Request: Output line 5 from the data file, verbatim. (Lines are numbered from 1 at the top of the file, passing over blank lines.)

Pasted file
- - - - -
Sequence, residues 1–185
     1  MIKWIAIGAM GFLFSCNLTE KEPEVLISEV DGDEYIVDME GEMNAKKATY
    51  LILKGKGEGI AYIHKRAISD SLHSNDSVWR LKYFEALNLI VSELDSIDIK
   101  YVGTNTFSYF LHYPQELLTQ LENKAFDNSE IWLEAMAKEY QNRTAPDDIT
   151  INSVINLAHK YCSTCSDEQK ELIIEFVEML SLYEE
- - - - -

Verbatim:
   151  INSVINLAHK YCSTCSDEQK ELIIEFVEML SLYEE